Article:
There was a pleasing complementarity and dovetailing of the two views which Hugh and Graham presented, I guess in some senses representing a distillation of observations based on the UK experience, as well as incorporating some of the various points which had emerged from the preceeding discussions and other keynotes.

Graham's presentation was wonderfully eclectic in its references, looking at personal learning. I have asked him if he could make some kind of map of the references so that we could have an overview for consideration. Amongst other things he suggested that constructionism is not a pedagogical theory....and that we would see the appropriating of google wave for learning

Hugh's presentation, I think, reflected his perspectives as a computer science academic leading in technology enhanced learning, and as a university director of education responsible for e-learning across the university. He was also arguing for the priviledging or priotitising the personal needs of the learner over the thus far default choice of working with technologies which are adopted because of organisational priorities.

Alongside the presentations and discussions there was a very useful twitter stream (#iatel, and occassionally #iatel09)

Each of the groups plans to take forward their discussions into a published journal paper, and I for one, enjoyed being part of the proceedings, and am looking forward to the additional work, which will turn our speculations into some clear ideas and statements.

pictures from the conference are available under a CC licence from Flickr

in no particular order, and for all sorts of different reasons
Graham Attwell - a bridge to learning
Conference web site
papers which I thought about during the presentations
Bloom's The 2 Sigma Problem
Becher and Trowler, Academic Tribes and Territories
Biglan's Disciplinary Differences
Cox et all Vicarious Learners
Mazur - Peer Instruction

Thursday, 4 June 2009

Readings for TEL Project Students

When I first meet my project sutdnets I usually suggest a set of readings and useful web sites
this post contains links to some of the standard sources which might be useful in a contextual basis. Of course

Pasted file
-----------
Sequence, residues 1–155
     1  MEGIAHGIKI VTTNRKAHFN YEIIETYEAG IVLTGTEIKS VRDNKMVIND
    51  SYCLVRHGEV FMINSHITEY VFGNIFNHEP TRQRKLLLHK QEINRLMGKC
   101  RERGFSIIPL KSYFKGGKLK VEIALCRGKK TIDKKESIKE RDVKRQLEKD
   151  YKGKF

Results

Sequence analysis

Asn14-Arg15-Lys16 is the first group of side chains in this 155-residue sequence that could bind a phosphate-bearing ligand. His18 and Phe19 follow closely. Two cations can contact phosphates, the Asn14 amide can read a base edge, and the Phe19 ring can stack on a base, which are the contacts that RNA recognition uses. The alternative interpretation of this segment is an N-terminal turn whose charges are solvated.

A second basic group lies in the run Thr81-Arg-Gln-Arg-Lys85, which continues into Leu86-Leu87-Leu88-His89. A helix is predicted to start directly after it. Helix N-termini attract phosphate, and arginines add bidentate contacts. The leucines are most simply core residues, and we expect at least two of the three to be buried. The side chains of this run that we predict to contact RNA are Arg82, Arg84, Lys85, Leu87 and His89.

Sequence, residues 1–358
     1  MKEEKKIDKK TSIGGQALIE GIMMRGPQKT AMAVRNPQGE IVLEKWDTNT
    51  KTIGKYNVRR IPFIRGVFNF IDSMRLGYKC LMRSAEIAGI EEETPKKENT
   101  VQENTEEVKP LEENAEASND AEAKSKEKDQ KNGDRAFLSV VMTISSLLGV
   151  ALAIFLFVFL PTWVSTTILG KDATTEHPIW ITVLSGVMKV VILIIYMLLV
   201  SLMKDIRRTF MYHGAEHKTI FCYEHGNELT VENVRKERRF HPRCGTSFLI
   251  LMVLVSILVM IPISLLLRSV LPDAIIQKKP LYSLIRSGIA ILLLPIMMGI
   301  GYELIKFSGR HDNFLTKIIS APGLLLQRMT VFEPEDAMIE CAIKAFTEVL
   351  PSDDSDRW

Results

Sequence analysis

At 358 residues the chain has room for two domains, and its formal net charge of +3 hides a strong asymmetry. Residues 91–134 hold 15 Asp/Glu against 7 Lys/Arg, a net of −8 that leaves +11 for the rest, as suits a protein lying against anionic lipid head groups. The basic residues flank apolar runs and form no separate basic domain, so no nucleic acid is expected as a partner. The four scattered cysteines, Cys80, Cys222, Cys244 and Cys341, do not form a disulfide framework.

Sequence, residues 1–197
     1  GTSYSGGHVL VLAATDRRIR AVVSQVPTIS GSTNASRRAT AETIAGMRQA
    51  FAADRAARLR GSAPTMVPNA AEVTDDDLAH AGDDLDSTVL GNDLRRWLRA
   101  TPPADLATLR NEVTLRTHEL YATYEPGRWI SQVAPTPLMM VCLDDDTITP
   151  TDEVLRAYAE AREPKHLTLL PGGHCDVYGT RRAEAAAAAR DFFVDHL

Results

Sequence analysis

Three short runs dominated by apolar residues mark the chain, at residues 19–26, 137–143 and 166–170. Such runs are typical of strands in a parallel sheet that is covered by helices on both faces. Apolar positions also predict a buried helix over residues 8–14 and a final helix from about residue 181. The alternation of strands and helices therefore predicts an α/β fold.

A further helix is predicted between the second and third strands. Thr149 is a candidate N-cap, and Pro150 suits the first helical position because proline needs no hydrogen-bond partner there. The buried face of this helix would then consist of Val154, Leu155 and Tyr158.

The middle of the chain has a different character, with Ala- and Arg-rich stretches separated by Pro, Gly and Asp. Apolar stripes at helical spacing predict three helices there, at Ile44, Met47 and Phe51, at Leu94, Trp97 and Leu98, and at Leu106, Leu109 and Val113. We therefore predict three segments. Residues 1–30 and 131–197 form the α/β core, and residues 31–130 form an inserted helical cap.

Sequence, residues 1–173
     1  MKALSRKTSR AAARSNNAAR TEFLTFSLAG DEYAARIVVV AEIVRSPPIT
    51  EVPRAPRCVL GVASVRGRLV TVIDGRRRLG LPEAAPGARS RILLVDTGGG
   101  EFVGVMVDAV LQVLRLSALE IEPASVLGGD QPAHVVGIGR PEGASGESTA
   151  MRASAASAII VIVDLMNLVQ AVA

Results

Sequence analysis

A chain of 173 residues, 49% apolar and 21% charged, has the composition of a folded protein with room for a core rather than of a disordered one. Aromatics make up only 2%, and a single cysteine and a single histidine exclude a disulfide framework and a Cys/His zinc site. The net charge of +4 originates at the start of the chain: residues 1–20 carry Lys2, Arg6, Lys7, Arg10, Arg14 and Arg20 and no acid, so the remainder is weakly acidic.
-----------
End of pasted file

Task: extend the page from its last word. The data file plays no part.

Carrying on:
Basic Advice
I suggest that you dip into the following publications to get a sense of the sorts of things which I expect you to read. They cover the current discussions and debates surrounding technology enhanced learning plus some classic views of concepts which I expect you to be grappling with in your project.

You may wish to bookmark this page, and check from time to time to see if the list has changed/grown.

Orientation followed by research - refining your understanding

Its often a good idea to do some browsing of documents, and maybe a few web searches to get some initial orientation from a topic area before immersing yourself in the papers.

When you read the papers, I am looking for you becoming familiar with the basic structure of academic papers, and also developing your own understanding of and model for academic writing.

Technology Affordances
GAVER, W. W. (1991) Technology affordances. Proceedings of the SIGCHI conference on Human factors in computing systems: Reaching through technology. New Orleans, ACM Press.
GAVER, W. W. (1996) Situating Action ii: Affordances for interaction: The social is material for design. Ecological Psychology, 8, 111-130.

Semantic Web in Education

Ohler, J.
Semantic Web in Education EDUCAUSE Quarterly, vol. 31, no. 4 (October–December 2008)
see also the special issue of JIME edited by Terry Anderson and Denise Whitelock
Anderson, T and Whitelock, J. (2004) The Educational Semantic Web: Visioning and Practicing the Future of Education: Journal of Interactive Media in Education 2004 (1)

Web 2.0
FRANKLIN, T. & VAN HARMELEN, M. (2007) Web 2.0 for content for learning and teaching in higher education. JISC www. jisc. ac. uk/media/documents/programmes/digitalrepositories/web2-contentlearningand-teaching. pdf.
O'REILLY, T. (2005) What Is Web 2.0 – Design Patterns and Business Models for the Next Generation of Software 09/30/what-is-web-20.html
Vicarious Learning
MAYES, J. T. & NEILSON, I. (1996) Learning from other people's dialogues: questions about computer based answers. IN COLLIS, B. & DAVIES, G. (Eds.) Innovating learning with innovative technology. Amsterdam: North Holland.
e-learning, technology enhanced learning
MAYES, T. & FREITAS, S. D. (2006) Review of e-learning theories, frameworks and models JISC e-Learning Models Desk Study. Bristol, JISC.